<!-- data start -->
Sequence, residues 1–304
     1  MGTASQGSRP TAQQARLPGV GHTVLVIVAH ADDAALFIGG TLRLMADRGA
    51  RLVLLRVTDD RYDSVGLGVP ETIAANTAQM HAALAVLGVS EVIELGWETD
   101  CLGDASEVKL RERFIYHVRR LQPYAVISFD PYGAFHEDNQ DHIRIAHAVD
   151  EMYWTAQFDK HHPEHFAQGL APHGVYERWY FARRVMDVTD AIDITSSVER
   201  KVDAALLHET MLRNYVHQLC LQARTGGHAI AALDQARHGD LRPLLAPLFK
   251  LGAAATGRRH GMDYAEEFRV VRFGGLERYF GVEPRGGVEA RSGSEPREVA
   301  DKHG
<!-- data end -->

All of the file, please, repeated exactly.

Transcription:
Sequence, residues 1–304
     1  MGTASQGSRP TAQQARLPGV GHTVLVIVAH ADDAALFIGG TLRLMADRGA
    51  RLVLLRVTDD RYDSVGLGVP ETIAANTAQM HAALAVLGVS EVIELGWETD
   101  CLGDASEVKL RERFIYHVRR LQPYAVISFD PYGAFHEDNQ DHIRIAHAVD
   151  EMYWTAQFDK HHPEHFAQGL APHGVYERWY FARRVMDVTD AIDITSSVER
   201  KVDAALLHET MLRNYVHQLC LQARTGGHAI AALDQARHGD LRPLLAPLFK
   251  LGAAATGRRH GMDYAEEFRV VRFGGLERYF GVEPRGGVEA RSGSEPREVA
   301  DKHG